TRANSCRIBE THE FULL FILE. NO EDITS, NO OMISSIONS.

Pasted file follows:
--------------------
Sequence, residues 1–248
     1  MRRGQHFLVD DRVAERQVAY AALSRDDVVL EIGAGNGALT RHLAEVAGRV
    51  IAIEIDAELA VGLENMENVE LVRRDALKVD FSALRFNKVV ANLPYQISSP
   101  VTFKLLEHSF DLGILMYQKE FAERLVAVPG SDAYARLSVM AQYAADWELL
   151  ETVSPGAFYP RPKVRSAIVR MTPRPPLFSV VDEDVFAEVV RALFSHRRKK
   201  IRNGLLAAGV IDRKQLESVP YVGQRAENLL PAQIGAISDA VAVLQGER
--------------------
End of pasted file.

Sequence, residues 1–248
     1  MRRGQHFLVD DRVAERQVAY AALSRDDVVL EIGAGNGALT RHLAEVAGRV
    51  IAIEIDAELA VGLENMENVE LVRRDALKVD FSALRFNKVV ANLPYQISSP
   101  VTFKLLEHSF DLGILMYQKE FAERLVAVPG SDAYARLSVM AQYAADWELL
   151  ETVSPGAFYP RPKVRSAIVR MTPRPPLFSV VDEDVFAEVV RALFSHRRKK
   201  IRNGLLAAGV IDRKQLESVP YVGQRAENLL PAQIGAISDA VAVLQGER